The Smith Commission has recommended that some powers relating to energy markets, regulation, licensing and development should be devolved from Westminster to Holyrood in the aftermath of Scotland’s Independence referendum.
Industry views reflect the outcome of the Independence referendum – welcomed by some, seen as too devolutionary by others, or not going far enough.
The report sets out the agreement reached between all five of Scotland’s main political parties – Conservative, Green, Labour, LibDem and the SNP. These are:
Energy Market Regulation and Renewables / Crown Estate
There will be a formal consultative role for the Scottish Government and the Scottish Parliament in designing renewables incentives and the strategic priorities set out in the Energy Strategy and Policy Statement to which OFGEM must have due regard.
OFGEM will also lay its annual report and accounts before the Scottish Parliament and submit reports to, and appear before, committees of the Scottish Parliament.
Responsibility for the management of the Crown Estate’s economic assets in Scotland, and the revenue generated from these assets, will be transferred to Holyrood. This will include the Crown Estate’s seabed, urban assets, rural estates, mineral and fishing rights, and the Scottish foreshore for which it is responsible.
Following this transfer, responsibility for the management of those assets will be further devolved to local authority areas such as Orkney, Shetland, and the Western Isles or other areas who seek such responsibilities. It is recommended that the definition of economic assets in coastal waters recognises the foreshore and economic activity such as aquaculture.
The Scottish and UK Governments will draw up and agree a Memorandum of Understanding to ensure that such devolution is not detrimental to UK-wide critical national infrastructure in relation to matters such as defence, security, oil & gas and energy, thereby safeguarding the defence and security importance of the Crown Estate’s foreshore and seabed assets to the UK as a whole.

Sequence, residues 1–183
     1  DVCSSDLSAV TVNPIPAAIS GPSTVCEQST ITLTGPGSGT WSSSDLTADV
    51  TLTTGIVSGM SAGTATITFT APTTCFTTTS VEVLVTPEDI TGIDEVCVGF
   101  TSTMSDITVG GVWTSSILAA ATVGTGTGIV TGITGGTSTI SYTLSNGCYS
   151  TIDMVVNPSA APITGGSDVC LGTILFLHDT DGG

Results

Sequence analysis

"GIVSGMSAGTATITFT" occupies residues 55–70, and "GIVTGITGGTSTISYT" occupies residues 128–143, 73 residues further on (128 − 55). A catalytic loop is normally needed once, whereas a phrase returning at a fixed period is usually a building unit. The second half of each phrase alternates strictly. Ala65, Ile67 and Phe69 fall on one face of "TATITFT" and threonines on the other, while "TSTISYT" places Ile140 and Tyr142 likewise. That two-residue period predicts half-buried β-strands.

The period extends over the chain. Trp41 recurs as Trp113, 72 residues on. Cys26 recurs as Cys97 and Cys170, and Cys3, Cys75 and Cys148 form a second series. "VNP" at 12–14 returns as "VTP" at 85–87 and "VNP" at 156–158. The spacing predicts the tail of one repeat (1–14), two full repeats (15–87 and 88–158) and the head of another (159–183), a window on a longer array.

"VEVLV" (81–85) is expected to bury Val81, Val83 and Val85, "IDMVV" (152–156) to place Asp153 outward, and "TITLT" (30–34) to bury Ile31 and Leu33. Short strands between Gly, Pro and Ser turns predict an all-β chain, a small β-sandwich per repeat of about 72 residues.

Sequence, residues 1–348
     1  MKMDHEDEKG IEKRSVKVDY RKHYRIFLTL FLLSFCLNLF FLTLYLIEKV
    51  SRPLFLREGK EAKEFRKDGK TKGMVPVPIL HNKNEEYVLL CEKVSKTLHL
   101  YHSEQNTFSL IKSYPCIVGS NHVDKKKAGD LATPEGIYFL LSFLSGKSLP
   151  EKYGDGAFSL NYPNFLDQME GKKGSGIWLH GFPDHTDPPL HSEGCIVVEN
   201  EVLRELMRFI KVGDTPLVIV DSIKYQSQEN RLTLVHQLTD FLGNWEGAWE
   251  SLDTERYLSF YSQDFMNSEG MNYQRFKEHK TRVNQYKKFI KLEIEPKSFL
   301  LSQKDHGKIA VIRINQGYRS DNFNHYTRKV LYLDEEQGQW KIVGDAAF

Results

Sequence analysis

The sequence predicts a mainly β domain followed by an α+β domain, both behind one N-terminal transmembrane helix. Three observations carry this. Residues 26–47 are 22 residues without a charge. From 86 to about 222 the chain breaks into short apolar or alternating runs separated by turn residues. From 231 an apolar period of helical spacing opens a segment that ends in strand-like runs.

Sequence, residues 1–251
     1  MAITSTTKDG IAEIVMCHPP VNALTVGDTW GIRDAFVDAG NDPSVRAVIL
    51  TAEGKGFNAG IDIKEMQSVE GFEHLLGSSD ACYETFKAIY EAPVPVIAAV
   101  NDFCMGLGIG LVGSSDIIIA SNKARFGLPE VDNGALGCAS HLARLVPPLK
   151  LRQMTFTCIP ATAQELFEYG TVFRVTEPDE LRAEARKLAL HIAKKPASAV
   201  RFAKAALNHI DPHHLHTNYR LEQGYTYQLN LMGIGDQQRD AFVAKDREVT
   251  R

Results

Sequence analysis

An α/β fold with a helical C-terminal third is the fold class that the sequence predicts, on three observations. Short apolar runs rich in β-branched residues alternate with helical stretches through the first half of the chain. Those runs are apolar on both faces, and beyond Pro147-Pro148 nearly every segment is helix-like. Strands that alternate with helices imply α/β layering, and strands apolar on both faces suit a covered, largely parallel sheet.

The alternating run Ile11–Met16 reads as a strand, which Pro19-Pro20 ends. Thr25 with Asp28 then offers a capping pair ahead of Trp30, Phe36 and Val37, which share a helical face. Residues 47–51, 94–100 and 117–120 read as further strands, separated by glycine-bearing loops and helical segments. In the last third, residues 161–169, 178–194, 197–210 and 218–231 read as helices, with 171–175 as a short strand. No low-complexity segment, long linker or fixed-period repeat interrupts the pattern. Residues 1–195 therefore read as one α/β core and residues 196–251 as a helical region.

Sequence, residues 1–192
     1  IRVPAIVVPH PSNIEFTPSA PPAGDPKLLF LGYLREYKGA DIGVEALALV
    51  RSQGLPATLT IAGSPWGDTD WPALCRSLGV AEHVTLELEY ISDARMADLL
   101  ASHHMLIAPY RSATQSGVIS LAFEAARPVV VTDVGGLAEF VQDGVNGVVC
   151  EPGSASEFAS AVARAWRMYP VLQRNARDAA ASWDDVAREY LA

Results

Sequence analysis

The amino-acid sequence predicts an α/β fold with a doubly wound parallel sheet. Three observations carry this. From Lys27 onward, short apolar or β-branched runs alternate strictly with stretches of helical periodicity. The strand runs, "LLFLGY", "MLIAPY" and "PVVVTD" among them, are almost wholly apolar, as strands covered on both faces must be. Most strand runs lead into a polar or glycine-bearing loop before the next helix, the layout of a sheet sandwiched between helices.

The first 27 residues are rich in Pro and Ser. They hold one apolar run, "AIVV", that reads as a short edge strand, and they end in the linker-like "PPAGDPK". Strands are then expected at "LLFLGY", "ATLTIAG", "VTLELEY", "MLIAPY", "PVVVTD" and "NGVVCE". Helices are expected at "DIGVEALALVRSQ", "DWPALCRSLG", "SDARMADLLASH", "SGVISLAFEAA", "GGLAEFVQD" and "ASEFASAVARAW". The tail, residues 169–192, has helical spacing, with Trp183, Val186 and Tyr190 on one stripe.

Energy Efficiency and Fuel Poverty
Powers to determine how supplier obligations in relation to energy efficiency and fuel poverty, such as the Energy Company Obligation and Warm Home Discount, are designed and implemented in Scotland will be devolved.
Responsibility for setting the way the money is raised (the scale, costs and apportionment of the obligations as well as the obligated parties) will remain reserved. This provision will be implemented in a way that is not to the detriment of the rest of the UK or to the UK’s international obligations and commitments on energy efficiency and climate change
Onshore Oil and Gas Extraction
The licensing of onshore oil and gas extraction underlying Scotland will be devolved to Holyrood.
The licensing of offshore oil and gas extraction will remain reserved.
Responsibility for mineral access rights for underground onshore extraction of oil and gas in Scotland will be devolved to Holyrood.
These recommendations have been sent to Prime Minister David Cameron for the UK government to publish a Draft Bill, which may be enacted in Westminster after the 2015 general election.
However, as it is not constitutionally possible for one UK parliament to bind a successor parliament, there is no legal or political mechanism for ensuring that these powers will in fact be devolved under the next Westminster government.
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